Tag Archives: desktop

Migrating to XFCE

The following was from a Google+ post that I figured I would share here as well.

Well I think I’m finally switching my main desktop from KDE to XFCE. Too much flash and pizazz and having to turn off behaviors and mannerisms for my liking. I guess I’m just getting too old for these young peoples’ desktops.

It was a decent 9+ years, KDE. Sorry you had to turn into GNOME.

A later follow-up comment:

[warning: non-proofread, off-the-cuff rant ahead]

Made the switch last night. Very refreshing!

Not sure if others get the same feeling, but I believe desktops have a measurable weight in terms of interaction and feel. As of late (read KDE 4.*), KDE has lost weight and felt ungrounded. Delayed click responses, bouncing icons, crashing UI effects, windows partially disappearing, and the ‘improved’ graphics all tend to lend way to a flighty feel and experience. But not in a good way, but rather a lack of solidity that I want from a desktop. I want a concrete user experience that shows of it’s strength in the back-end by portraying a solid and consistently reliable front-end. I’ll trade ‘sleek’, ‘cutting-edge’, and ‘feature overflowing’ for solidity and reliability any day. When productivity calls what really matters?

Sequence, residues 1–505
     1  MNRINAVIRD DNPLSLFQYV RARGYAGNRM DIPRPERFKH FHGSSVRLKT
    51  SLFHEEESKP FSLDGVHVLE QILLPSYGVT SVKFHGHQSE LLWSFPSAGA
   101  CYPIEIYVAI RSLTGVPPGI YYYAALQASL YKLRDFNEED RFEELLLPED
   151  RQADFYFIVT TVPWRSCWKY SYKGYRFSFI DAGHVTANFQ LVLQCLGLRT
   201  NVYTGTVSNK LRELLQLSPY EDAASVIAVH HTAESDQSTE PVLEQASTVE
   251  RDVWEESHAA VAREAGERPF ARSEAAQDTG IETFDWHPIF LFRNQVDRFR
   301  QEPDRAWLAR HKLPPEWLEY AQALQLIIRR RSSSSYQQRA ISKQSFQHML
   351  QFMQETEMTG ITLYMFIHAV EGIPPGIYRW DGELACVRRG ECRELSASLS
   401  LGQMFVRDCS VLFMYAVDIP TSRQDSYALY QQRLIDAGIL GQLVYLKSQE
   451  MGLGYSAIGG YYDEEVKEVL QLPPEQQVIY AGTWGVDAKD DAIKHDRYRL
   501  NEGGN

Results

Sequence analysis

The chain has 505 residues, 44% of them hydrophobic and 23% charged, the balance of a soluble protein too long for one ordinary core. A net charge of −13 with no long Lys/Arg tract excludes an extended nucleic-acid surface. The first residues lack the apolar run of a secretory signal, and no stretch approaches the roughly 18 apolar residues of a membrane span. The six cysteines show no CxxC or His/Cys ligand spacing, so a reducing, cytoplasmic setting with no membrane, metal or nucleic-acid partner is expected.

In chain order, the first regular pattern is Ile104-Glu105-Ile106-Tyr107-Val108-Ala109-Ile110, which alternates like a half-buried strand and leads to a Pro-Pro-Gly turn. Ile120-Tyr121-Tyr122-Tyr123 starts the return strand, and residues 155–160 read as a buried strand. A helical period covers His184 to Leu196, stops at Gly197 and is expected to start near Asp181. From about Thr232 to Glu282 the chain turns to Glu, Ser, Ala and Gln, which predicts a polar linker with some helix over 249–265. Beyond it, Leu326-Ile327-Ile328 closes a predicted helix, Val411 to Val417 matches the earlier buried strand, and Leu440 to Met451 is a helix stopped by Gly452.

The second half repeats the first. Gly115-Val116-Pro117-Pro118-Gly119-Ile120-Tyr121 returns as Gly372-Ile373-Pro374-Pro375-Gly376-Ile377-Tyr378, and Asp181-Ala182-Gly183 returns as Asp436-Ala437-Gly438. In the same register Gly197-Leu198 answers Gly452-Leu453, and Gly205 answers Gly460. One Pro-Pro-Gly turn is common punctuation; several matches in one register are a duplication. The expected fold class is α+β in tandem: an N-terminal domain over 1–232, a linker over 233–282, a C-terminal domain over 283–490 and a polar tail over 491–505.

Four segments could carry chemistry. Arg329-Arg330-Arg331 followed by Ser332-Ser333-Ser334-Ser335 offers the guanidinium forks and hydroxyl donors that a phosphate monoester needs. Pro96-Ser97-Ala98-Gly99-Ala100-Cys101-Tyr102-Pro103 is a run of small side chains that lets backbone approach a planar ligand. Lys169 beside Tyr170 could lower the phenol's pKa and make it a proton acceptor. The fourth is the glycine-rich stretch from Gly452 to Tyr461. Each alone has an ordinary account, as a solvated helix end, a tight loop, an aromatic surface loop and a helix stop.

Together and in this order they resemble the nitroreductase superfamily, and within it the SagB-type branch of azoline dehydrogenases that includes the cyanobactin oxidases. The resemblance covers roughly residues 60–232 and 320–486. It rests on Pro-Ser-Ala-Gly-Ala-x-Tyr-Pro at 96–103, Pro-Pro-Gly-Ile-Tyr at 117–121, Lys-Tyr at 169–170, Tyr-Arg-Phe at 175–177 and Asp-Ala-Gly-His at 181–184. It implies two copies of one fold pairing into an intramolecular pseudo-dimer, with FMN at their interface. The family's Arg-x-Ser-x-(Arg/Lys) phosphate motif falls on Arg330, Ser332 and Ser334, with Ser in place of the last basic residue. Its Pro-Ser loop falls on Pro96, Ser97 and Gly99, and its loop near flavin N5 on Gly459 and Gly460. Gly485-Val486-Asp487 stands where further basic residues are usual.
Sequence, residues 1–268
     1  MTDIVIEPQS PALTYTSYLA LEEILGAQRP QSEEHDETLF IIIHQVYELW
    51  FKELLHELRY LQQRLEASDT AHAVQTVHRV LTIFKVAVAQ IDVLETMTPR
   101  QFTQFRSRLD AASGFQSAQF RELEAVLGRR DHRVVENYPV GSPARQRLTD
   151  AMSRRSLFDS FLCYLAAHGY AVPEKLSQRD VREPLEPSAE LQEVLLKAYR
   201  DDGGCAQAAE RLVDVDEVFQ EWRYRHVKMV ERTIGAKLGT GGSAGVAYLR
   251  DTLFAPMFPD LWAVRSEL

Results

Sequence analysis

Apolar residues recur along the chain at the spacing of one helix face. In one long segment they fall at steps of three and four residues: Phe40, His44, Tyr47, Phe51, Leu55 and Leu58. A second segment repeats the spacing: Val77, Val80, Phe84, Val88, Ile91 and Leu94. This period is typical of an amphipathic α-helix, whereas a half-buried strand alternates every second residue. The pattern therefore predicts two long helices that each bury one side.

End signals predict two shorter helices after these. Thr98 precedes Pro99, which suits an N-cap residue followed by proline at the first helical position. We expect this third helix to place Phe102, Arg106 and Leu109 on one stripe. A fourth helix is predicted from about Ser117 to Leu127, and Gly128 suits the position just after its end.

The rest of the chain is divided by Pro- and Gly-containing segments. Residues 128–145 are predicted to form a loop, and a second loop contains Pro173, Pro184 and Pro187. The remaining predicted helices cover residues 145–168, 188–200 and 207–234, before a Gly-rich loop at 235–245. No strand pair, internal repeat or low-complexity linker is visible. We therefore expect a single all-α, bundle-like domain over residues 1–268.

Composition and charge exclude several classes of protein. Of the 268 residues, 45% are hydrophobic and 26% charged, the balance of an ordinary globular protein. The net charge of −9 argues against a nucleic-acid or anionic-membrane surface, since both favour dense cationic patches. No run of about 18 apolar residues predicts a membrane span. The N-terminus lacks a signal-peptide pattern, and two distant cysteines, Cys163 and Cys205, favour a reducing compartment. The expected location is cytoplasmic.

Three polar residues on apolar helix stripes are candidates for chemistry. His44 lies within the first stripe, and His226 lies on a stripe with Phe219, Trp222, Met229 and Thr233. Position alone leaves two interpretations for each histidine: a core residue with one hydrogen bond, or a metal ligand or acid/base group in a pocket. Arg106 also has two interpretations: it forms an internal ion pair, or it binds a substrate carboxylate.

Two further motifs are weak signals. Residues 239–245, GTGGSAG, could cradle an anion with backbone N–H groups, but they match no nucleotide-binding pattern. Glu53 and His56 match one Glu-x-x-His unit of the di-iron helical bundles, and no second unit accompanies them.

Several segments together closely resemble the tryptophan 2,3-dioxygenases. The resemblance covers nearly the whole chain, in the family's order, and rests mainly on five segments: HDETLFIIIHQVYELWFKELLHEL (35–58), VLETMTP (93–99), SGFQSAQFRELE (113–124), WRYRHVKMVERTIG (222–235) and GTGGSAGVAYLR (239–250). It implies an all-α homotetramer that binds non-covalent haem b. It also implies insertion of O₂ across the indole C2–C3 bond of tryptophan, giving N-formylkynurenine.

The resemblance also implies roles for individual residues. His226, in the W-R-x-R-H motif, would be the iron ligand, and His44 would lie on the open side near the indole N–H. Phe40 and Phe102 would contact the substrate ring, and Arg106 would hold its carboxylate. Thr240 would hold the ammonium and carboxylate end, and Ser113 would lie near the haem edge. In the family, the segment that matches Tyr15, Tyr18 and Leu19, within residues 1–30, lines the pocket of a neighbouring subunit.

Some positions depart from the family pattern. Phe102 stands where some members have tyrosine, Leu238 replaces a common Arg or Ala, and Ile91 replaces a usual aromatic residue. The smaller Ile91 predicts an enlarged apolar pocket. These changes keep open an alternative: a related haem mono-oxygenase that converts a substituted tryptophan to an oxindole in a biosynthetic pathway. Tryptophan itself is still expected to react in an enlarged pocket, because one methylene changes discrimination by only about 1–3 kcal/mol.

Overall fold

Is it just me feeling the departure of usability? I am one who spends 75% of my computing time tied to a terminal emulator. Maybe I am simply disconnected from what is truly meant to be the modern desktop experience. I look to OS X and Windows Vista/7 for comparison and see similar qualities to KDE 4 and GNOME 3. It’s quite possible that these are the ways of today and are in response to what the majority of users demand from their desktops.

One of the major selling points for Linux is obviously the stability and reliability of the kernel. Therefore, I would expect that the layering OS and desktop should reflect such qualities and do nothing but to bring out the best possible performance and usability of the Linux kernel. KDE4 and GNOME3 seem to have diverged greatly from these ideas. Is it time for distributions to begin defaulting their OSes to a more reasonable (see qualities above for a definition of reasonable) desktop? Maybe Xubuntu should really become Ubuntu, leaving Kubuntu and Gubuntu (?) as unique, non-default variations.